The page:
In the competitive world of job interviews, where candidates strive to impress potential employers with their skills and problem-solving abilities, tech giants like Google were known for their unconventional interview questions designed to test candidates’ cognitive abilities. One such question, shared by a former Chief People Officer who claimed to have worked at Google, Wix, and Rocket Money, involved a fictional coffee shop scenario in San Francisco.
She explained: “There’s a coffee shop in San Francisco. It has unlimited supply and demand – meaning it has all the coffee beans, coffee cups, teas in the world and the customer line wraps around the block.
The question presented to candidates was as follows: “The coffee shop is roughly 500-square feet. So, how many cups of coffee can this coffee shop produce in one day?”
This puzzling inquiry aimed to assess candidates’ problem-solving and decision-making skills rather than soliciting a correct numerical answer.
Social media users, intrigued by this enigmatic question, offered various interpretations and solutions. Some focused on logistical details such as the absence of workers or the time required to serve a cup of coffee, while others emphasized the perpetual balance between demand and supply.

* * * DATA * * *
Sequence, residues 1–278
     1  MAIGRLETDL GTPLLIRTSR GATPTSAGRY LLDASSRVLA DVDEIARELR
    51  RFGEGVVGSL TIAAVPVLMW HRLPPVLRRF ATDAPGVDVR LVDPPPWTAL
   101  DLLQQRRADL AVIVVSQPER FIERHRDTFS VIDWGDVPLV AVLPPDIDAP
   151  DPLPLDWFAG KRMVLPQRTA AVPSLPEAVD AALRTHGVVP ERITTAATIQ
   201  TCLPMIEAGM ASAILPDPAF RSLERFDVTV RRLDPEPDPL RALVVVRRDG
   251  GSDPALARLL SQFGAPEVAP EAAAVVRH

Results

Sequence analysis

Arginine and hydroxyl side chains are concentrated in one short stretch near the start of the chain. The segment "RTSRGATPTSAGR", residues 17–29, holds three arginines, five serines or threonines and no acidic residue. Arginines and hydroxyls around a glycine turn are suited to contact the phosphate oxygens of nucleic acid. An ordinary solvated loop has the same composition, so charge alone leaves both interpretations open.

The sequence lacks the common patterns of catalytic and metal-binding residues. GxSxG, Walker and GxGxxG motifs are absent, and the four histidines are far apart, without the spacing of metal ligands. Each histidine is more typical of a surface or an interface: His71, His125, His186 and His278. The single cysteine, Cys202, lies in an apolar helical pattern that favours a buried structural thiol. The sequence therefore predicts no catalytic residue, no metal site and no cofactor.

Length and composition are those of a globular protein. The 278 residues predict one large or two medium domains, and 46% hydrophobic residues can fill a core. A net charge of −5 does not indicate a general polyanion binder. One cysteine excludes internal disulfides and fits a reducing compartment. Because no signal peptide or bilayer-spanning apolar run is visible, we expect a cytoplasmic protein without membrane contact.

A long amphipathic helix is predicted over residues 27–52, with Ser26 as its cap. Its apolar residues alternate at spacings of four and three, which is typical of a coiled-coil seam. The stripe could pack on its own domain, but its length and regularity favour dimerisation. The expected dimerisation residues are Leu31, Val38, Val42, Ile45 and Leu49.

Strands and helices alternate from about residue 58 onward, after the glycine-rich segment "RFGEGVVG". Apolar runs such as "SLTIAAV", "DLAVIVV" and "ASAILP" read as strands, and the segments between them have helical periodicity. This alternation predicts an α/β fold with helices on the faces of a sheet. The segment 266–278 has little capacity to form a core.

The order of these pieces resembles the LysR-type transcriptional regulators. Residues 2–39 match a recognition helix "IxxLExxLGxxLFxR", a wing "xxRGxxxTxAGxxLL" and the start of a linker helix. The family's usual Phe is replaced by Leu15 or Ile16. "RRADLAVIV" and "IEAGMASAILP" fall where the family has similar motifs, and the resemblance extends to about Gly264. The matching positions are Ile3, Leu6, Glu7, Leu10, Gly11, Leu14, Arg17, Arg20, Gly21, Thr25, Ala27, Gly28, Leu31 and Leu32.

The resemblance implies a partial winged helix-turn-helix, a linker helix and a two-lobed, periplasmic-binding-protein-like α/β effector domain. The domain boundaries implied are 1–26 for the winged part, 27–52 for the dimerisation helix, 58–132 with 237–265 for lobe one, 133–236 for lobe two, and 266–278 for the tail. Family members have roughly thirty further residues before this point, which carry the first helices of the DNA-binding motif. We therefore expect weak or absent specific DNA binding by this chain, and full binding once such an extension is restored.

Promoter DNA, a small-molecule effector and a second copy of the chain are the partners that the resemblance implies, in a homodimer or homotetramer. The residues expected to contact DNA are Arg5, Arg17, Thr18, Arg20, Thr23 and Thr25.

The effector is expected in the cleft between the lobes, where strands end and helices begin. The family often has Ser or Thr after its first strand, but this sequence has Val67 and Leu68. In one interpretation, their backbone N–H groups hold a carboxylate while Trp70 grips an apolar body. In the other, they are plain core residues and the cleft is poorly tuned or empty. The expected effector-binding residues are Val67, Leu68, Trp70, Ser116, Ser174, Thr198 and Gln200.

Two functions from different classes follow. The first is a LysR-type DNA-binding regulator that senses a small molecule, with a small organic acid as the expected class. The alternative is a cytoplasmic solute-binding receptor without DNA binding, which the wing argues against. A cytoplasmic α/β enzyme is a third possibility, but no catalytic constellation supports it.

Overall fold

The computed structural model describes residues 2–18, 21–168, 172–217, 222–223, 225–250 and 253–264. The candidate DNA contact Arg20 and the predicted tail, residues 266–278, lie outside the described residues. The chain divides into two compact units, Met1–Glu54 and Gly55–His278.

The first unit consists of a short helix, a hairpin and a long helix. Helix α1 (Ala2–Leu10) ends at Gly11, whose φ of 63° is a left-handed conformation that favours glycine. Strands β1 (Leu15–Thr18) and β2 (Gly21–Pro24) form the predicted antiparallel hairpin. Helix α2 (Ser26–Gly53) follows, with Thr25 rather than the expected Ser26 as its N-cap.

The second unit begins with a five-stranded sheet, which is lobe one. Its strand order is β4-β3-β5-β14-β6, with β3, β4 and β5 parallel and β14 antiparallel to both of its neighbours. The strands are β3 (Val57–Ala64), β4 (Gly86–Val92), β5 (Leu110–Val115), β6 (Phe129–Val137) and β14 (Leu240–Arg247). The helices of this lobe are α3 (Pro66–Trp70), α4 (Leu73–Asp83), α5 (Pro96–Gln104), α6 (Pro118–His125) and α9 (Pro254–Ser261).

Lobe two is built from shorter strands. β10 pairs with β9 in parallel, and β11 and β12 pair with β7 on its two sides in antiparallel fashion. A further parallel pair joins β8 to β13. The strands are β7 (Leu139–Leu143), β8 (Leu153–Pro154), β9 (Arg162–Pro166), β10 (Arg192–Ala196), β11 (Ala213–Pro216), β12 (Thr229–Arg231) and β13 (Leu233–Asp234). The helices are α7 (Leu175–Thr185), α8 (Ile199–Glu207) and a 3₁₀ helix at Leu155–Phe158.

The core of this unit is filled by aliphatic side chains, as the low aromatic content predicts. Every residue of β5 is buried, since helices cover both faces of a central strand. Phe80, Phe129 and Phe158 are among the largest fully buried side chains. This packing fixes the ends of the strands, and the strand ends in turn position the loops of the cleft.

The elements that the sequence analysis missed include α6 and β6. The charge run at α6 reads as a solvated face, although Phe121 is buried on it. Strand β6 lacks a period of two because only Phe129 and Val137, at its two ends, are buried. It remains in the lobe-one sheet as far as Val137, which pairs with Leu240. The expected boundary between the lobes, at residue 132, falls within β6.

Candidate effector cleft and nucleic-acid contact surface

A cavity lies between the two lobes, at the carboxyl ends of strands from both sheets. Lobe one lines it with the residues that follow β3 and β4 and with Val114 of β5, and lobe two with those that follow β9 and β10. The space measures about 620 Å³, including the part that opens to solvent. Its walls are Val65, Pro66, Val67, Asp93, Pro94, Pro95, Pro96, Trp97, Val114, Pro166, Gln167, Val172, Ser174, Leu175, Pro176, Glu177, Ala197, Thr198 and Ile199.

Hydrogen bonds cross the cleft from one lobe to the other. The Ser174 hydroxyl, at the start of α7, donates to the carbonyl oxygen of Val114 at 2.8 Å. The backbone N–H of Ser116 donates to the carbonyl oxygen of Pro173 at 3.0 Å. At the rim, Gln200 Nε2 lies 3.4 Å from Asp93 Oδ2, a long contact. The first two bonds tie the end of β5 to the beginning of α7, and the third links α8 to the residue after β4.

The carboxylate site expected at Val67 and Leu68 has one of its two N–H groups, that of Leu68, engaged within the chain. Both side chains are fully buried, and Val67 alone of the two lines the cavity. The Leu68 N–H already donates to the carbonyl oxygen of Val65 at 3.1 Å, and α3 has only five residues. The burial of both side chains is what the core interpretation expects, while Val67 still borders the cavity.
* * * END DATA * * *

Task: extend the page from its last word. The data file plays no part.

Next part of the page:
However, the former Google employee clarified that there was no definitive answer to the question. Instead, the interviewer sought to understand the candidate’s analytical approach and critical thinking abilities. The ambiguity of the question served as a tool to evaluate candidates’ problem-solving skills without relying on traditional metrics.
She said: “There are no right or wrong answers, the interviewer’s just trying to figure out your thought process. That’s why they made it vague, to understand your decision making skills.”
Despite the intrigue surrounding such brainteasers, Google has since abandoned them in favor of more practical assessment methods. The company’s career site explains that data analysis revealed brainteaser questions did not accurately predict job performance. Instead, Google now employs work sample tests and structured interview questions to evaluate candidates’ skills and suitability for specific roles.
“In the end, we want above all to assess your skills and see if you and this role are a match (there aren’t any brain teasers, and who knows, you might even have some fun).”
This shift in approach reflects Google’s commitment to hiring practices grounded in empirical evidence and effectiveness. By prioritizing meaningful assessment tools over puzzling brainteasers, Google aims to create a fair and transparent recruitment process that accurately identifies top talent.
While the era of mind-bending interview questions may have come to an end at Google, the legacy of these unconventional practices persists as a testament to the company’s innovative spirit and dedication to finding the best candidates for its workforce.